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Week 2015: Maybe its just a bear market

Portfolio Performance

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See the end of the post for the current make up of my portfolio and the last four weeks of trades

Monthly Review and Thoughts

I don’t flash sensational headlines about bear markets for the sake of getting attention.  I get about 100-150 page views a day and given the frequency and technicality of my writing I don’t expect that to increase materially regardless of the headline I post.

When I raise the question of whether we are in a bear market, its simply because even though the US averages hover a couple of percent below recent highs, the movement of individual stocks seems to more closely resemble what I remember from the early stages of 2008 and the summer of 2011.

A breakdown of the performance of the Russell 2000, which is where a lot of the stocks I invest in reside, was tweeted out this week by 17thStrCap and I think illustrates the pain quite well:

us market

The Canadian stock averages have been made respectable by Valeant and not much else. In a Globe & Mail article appropriately capsulizing my comment here called “The market is in much worse shape than the TSX index suggests” the following comparison was made between the TSX Composite and an equal weighted version of it that dampens out the Valeant effect.

tsxperformance

When the Federal Reserve ended its quantitative easing program last year I was concerned that the market might revert back to the nature it had demonstrated after first two QE endeavors.  But for a number of months that didn’t happen.  Stocks kept moving; maybe not upwards at the speed they had previously but they also did not wilt into the night.

I am starting to think that was nothing more than the unwinding of the momentum created by such a long QE program.  Slowly momentum is being drained from the market as the bear takes hold.

A week late

I am a week late getting to this update.  We were on vacation last week, which made it tough to write.  As well I was in no mood to ruin my vacation and write with my portfolio going through significant perturbations to the downside.

It is frustrating to see my portfolio doing poorly.  My investment account is being saved by two things:

  1. Shorts
  2. US stocks in Canadian dollars

As I mentioned last month I have had a number of technology shorts, some shorts on Canadian banks and mortgage providers, and hedges on energy and small caps via the XOP and IWM.  I actually took a bunch of the tech shorts off in the last few days for the simple reason that they are up so much.  I had some decent gains from INTC, SNDK, MU, ANET AVGO, RAX, HIMX and TSM.  I also ended my multi-year short on YELP.

I am covering my shorts because with earnings season over I think there could be a counter rally resulting from the news vacuum.   The China collapse angle has been beaten up and priced in; I could see the perception shifting towards the positive outcomes of the stimulus. And I’ve read that Apple is increasing orders for the iPhone 6s and 6s+ which may or may not be warranted (I suspect not) but could lift tech results in the short term.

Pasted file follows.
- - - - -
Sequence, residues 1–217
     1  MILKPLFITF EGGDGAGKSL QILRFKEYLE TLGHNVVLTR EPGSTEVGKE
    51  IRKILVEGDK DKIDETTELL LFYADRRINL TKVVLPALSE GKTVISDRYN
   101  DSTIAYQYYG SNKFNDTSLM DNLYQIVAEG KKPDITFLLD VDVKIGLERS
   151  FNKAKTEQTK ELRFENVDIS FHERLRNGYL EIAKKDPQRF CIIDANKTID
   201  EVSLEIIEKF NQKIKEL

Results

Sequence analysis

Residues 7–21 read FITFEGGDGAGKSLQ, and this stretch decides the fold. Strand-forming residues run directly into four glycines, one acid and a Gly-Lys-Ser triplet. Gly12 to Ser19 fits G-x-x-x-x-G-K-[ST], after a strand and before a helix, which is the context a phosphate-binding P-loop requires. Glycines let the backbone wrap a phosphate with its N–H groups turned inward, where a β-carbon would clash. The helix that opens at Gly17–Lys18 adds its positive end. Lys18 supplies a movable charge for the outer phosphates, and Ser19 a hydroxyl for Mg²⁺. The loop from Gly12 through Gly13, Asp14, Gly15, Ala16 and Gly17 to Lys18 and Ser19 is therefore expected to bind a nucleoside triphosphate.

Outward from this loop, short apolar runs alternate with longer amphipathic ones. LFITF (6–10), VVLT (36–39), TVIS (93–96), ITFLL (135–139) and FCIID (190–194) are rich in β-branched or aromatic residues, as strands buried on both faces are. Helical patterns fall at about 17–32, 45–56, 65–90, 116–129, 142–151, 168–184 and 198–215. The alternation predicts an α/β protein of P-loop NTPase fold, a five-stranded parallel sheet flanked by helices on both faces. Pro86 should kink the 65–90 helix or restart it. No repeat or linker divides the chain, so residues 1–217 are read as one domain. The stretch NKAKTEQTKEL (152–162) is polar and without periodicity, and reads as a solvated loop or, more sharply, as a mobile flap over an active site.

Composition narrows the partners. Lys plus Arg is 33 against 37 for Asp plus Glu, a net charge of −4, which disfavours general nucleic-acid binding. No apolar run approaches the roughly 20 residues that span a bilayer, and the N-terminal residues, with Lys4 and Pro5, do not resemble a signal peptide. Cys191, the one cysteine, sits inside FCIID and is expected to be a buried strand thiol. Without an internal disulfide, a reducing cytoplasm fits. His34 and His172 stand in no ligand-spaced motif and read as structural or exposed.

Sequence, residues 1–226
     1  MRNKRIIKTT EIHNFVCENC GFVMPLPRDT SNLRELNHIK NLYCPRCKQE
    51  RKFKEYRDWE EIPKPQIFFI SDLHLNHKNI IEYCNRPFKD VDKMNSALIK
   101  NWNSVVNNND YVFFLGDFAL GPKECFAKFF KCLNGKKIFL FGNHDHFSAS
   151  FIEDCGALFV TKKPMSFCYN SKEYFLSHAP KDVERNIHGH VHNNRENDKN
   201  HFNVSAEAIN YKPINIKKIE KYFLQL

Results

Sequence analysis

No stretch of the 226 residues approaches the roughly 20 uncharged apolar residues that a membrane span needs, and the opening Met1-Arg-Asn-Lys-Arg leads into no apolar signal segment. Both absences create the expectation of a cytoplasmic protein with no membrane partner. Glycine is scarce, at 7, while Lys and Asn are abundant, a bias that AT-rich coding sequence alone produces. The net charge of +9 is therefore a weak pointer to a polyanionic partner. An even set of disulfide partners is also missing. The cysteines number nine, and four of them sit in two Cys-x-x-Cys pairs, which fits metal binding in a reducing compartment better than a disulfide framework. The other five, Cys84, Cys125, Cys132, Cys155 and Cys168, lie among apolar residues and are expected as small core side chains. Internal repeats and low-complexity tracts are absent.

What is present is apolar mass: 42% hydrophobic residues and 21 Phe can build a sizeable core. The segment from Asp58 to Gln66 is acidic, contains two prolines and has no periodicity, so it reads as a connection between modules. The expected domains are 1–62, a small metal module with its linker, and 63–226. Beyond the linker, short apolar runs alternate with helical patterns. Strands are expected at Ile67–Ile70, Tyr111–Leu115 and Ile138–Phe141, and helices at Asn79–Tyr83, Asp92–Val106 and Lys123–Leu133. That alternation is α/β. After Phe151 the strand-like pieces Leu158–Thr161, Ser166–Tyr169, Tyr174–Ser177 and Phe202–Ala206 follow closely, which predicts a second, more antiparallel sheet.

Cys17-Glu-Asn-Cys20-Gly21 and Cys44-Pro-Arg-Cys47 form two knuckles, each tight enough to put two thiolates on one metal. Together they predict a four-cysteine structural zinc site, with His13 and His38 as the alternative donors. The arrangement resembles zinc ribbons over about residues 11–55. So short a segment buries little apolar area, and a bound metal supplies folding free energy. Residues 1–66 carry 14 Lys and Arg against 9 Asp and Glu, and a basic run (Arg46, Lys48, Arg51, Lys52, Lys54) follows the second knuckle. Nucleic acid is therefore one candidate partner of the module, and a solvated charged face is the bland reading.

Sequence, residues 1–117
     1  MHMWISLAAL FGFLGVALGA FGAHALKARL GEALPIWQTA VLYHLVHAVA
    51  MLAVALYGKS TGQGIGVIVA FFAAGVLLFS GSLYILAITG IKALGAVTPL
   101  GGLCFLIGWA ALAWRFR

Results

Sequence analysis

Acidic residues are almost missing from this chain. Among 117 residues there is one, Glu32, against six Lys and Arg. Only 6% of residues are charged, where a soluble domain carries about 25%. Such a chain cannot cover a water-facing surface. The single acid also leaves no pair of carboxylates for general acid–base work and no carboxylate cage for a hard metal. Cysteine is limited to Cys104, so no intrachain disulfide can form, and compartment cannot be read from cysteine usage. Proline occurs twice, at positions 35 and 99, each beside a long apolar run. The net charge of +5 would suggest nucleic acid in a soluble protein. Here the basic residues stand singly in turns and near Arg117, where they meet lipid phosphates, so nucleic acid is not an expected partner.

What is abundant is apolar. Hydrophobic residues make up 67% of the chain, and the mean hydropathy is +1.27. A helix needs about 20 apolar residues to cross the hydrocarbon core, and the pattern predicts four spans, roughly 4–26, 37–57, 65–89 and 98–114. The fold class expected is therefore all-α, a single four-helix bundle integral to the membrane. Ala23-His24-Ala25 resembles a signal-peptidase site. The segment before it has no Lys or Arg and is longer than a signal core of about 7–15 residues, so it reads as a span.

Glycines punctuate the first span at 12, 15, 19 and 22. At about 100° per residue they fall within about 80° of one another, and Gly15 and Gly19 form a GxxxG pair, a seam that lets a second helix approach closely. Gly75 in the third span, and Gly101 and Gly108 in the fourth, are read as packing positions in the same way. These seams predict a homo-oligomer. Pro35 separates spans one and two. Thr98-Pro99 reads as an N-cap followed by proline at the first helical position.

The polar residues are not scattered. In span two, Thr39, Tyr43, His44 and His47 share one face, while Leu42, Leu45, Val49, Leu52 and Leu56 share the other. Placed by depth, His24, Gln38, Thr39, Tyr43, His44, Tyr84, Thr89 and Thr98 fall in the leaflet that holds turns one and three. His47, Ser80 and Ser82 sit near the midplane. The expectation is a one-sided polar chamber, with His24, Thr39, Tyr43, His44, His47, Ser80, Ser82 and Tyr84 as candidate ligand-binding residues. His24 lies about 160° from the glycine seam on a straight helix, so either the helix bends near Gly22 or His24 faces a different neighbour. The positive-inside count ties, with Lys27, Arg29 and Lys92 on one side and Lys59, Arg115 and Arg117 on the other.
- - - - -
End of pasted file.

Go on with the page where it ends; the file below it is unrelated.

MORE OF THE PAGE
I would put these shorts back on if the stocks recovered.  But I don’t feel like I know enough about tech to be pressing my luck on the names.  And as I reduce my long portfolio and raise cash, I feel less need to have what feel like stretched shorts to hedge those positions.

Without the benefit of short hedging this blog’s online tracking portfolio has done worse.  I’m down about 5.6% from a brief peak I hit in mid-July (when the tankers were at their highs) and I am essentially running flat for the last 4 months.

At the center of my frustration are tankers, airlines, small caps and the REITs.  So pretty much everything.  Let’s talk about each.

The Tankers

With oil oversupplied and refiners working at record capacity producing gasoline, jet fuel and heating oil, one would expect that the market would turn to crude and product tankers as a natural beneficiary.

No such luck.

The recent moves by my favorite tanker plays: DHT Holdings, Ardmore Shipping and Capital Product Partners, have been to the downside.  There was a brief move up towards the end of July that coincided with earnings (which were outstanding) but it was quickly unwound and now we are back to levels seen a few months ago.  While I sold some along the way up, it wasn’t (and isn’t) ever enough.

Ardmore Shipping

Particularly with the product tankers (specifically Ardmore Shipping), I just don’t get why the behavior is so poor.  I found it difficult to come away from their second quarter conference call with anything but an extremely bullish take on the company’s prospects.

The product market is benefiting from extremely strong refinery utilization and strong demand for products.  It is also benefiting from the move by Middle East nations to add refining capacity with the view of exporting finished products.

Ardmore had earnings per share of 30c.  They achieved those earnings with 18.4 ships. By the end of the year, once all of their newbuild fleet is delivered, the company expects to have 24 ships.  If newbuilds had been operating in the second quarter, earnings would have been 43c for the quarter.

In the second quarter Ardmore saw spot rates of $22,400 TCE.  So far in the third quarter spot rates are up again to $23,500.  At current $23,500 spot rates and with 12 MR’s in the spot market, EPS would be $1.85.  The stock has been trading at around $13.

Yet the stock sells off.

DHT Holdings

Likewise, I couldn’t believe it when DHT Holdings traded down to below $7 on Wednesday.  At least the crude tanker market makes some sense in terms of rates.  Voyage rates have come off to $40,000 TCE for VLCC ships.  This is seasonal and if anything rates have held up extraordinarily well during the slow third quarter.